Sedimentary Rocks; Formation, Characteristics & Types
Table of Contents
Sedimentary rocks usually consists of several minerals from other rocks; thus can inherit some igneous or metamorphic rock characteristics. Clustered sedimentary rocks are good examples. For example, the abundant quartz (from igneous) in sandstones make it a hard sedimentary rock.
In addition, sedimentary rocks can consist of wide range materials such as plants, animal shells, bones, rock particles etc embedded within the rock.
Sedimentary rocks have a poorly sorted arrangement of minerals and particles e.g conglomerates, breccias and arkose.
Dead Organic Matter
When plants or animals die the dead remains can merge and compress with rock particles lithifying into solid rock. The dead animal matter can be marine organisms such as fish, shells, worms e.t.c. Most sedimentary rocks contain dead fish and shells embedded within the rock. These rock types are usually found along coasts. Examples of organic sedimentary include limestone (coquina) and chalk. The White Cliffs of Dover in UK which are chalk cliffs formed from marine organisms.
Clustered Sedimentary Rocks
These sedimentary rocks are formed when rock debris is glued and cemented by water juices. These juices are actually rock juices dripped out as water percolates within the rock spaces. These rock juices can glue rock particles together upon drying forming a hard and solid sedimentary rock e.g sandstone, conglomerate, arkose, mudstones etc. The juices can also be excreted by plant matter.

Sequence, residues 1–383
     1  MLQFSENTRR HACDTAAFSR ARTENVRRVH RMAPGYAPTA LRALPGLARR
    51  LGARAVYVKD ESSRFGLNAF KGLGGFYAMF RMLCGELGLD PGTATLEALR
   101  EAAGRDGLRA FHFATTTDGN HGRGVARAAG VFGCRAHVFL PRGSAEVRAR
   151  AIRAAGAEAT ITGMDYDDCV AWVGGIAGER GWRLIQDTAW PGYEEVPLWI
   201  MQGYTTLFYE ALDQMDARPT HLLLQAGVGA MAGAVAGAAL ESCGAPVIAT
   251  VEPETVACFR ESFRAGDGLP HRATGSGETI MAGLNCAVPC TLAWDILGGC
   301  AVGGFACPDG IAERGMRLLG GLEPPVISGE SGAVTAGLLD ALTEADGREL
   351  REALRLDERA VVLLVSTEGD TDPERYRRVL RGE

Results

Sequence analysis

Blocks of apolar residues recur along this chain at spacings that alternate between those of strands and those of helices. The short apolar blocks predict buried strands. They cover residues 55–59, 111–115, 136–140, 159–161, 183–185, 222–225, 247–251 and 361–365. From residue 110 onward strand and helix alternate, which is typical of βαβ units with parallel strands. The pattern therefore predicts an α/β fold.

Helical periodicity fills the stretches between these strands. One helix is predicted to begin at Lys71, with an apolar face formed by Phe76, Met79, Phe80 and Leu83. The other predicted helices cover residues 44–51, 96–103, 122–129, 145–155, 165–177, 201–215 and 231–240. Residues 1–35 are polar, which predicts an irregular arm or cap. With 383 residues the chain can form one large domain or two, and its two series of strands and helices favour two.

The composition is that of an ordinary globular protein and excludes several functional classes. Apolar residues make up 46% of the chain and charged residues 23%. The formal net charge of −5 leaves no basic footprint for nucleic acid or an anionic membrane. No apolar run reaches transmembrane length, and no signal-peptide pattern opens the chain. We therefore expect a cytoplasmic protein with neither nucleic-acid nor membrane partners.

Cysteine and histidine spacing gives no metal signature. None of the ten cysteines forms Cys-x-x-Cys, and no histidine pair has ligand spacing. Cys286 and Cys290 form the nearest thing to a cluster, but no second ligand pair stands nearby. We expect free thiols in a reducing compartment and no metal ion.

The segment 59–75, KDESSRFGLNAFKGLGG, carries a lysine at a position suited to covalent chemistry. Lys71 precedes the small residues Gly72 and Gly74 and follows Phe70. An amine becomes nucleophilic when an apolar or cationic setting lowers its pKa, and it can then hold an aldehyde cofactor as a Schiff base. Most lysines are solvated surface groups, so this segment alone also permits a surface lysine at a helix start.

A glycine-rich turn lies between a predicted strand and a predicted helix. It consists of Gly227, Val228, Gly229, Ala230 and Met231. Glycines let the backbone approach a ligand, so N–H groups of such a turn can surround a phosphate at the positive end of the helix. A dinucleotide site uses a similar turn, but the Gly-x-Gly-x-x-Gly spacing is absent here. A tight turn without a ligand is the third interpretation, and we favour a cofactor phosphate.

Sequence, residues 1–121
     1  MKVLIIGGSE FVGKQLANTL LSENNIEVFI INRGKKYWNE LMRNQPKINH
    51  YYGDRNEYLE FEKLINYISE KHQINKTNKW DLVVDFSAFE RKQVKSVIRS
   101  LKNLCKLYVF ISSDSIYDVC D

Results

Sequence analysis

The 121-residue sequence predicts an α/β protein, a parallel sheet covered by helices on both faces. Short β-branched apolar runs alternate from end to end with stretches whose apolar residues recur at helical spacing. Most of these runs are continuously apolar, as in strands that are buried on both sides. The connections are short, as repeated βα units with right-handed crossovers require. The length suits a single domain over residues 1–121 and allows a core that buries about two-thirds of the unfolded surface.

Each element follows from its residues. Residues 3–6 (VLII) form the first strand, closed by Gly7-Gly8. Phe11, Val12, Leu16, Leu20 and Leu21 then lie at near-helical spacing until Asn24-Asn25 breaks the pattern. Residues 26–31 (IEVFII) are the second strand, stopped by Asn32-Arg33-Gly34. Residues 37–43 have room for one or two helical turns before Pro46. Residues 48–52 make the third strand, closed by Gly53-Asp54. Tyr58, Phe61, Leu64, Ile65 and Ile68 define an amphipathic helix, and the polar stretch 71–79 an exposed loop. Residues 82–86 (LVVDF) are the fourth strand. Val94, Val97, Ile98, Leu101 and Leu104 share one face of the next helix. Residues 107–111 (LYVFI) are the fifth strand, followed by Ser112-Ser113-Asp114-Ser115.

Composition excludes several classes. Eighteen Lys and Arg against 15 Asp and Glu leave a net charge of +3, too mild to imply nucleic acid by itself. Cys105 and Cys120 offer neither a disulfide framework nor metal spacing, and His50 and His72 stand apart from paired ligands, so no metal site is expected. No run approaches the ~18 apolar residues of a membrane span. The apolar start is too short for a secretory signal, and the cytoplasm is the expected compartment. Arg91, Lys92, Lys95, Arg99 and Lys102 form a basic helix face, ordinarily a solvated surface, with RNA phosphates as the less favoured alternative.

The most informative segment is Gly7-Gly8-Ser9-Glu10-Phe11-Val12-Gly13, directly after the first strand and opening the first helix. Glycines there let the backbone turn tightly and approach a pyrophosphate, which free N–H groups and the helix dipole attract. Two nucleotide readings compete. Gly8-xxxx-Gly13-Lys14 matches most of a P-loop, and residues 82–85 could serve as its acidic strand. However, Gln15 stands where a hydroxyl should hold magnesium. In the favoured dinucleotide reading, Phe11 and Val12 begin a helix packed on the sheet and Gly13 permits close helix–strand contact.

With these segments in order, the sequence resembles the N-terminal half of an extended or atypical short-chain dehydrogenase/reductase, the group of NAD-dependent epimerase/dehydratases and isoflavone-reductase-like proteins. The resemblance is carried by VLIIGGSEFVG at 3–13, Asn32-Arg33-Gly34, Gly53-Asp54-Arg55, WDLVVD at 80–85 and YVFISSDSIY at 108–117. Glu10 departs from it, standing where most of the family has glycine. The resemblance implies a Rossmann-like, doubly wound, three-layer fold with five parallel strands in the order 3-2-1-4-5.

- A sedimentary rock composed of sharp rock shades cemented together.
- A sedimentary rock composed of large pebbles and cobbles cemented together with sand particles or gravel
- A hard sedimentary rock formed from cemented quartz grains.
A sedimentary rock of cemented feldspar.
- A weak, fine grained sedimentary rock made of cemented clay.
Other sedimentary rocks of clay and silt particles include mudstone anf siltstones.
Precipitated Sedimentary Rocks
Some sedimentary rocks doesn’t have an organic origin, but rather are formed when minerals or salts laid in water are deposited (left) as the water evaporates. This is usually described as mineral precipitation. The minerals or salts left behind can compact and cement together forming rocks such as rock salt, gypsum or precipitated limestone.
Some sedimentary rock types called jaspers either have organic or inorganic origin or both.